Expanding Your Perspective: Fall 2023 Elective Courses
These courses take learning beyond the core curriculum, providing students with the opportunity to explore the field of Public Humanities in a variety of relevant departments.
To enroll, visit Albert. Schedule is subject to change. Please view Albert for the most accurate scheduling information.
Investing in Futures: The Art of WorldBuilding
CEH-GA 1016 003
TH 2:00 – 4:30 pm, 4 credits
Instructor: Professor Marina Zurkow
What would it mean to unhinge the present from its current conditions and wildly create a world you want to live in? Through world-building exercises, students in this course will develop detailed alternate worlds, reimagining everything from laws of physics to societal habits and customs.
The term “world-building” originates primarily in science fiction and gaming. World-building and “futuring” models are often based on constraints—design limitations— that can spark new imaginaries liberated from business-as- usual predictions. Future studies—also known as futurology—has been used since the 1970s by business and military interests as part of a strategic planning toolkit. This framework of speculating about the future in systemic ways has been adapted by many contemporary artist collectives and mission-driven organizations, in order to challenge present assumptions about future outcomes. In these artistic quests, the notion of the “future” has led to the development of productive utopias, foreboding dystopias, and queer heterotopias.
Similarly, in this course, students will engage in a combination of collaborative and individual creative work and research to imagine their future or alternate worlds. Students will complete three variously-scaled worldbuilding projects, in the forms of invented artifacts, writing, and storytelling, whose features will draw from Investing in Futures, a constraint-design platform, co-created by the instructor, which explores topics such as governance, living conditions, food, climate, and technology, and whose specific conditions range from the possible to the absurd.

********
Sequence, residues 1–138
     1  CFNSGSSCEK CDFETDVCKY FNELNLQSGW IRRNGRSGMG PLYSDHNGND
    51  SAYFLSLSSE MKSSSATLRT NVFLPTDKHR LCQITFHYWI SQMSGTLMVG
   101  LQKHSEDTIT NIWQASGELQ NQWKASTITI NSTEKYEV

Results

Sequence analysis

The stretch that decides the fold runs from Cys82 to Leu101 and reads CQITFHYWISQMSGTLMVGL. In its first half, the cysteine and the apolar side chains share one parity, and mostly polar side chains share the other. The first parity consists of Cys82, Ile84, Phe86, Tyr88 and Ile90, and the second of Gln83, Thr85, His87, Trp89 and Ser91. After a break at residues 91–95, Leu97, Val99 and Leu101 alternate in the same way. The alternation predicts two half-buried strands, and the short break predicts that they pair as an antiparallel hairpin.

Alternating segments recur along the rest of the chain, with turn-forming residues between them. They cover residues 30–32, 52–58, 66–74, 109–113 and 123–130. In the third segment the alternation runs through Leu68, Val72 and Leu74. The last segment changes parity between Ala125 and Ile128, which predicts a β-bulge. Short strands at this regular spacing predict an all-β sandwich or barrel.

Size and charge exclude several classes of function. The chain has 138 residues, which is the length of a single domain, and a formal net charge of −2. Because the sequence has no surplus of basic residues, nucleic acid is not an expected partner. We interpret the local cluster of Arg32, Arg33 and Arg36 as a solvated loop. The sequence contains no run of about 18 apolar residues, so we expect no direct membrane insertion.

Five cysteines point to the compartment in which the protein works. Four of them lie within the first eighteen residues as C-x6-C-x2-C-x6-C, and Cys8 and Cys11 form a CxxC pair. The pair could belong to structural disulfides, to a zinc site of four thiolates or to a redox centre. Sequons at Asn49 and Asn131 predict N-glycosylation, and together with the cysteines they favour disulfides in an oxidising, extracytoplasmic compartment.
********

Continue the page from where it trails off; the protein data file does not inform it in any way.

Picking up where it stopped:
The class will also draw on work and readings by the Near Future Laboratory, David Graeber, N.K. Jemisin, and Nelson Goodman, among others, and on research about future scenario design thinking and speculative design. In addition to a series of written assignments and presentations, the class will culminate in a public “worlds’ fair.”
Imagining Cities: Hardware, Software, Wetware
TH 5:30-8:30 pm, 4 credits
Instructor: Professor Robin Nagle
This course asks a simple two-part question: What is a city, and what can a city be? Is a city an organism, an ecosystem, an artwork, a machine, an ever-evolving neural network, or something else entirely? What forms of life are made possible, and what life is extinguished, because of cities? How do we interpret a pattern of gathering that first appeared thousands of years ago and that continues to evolve in ever larger configurations across the globe? Can we connect ruins of cities and contemporary urban spaces with not-yet-imagined metropolitan configurations? What is revealed by the paradox of urban singularity in the context of urban universals?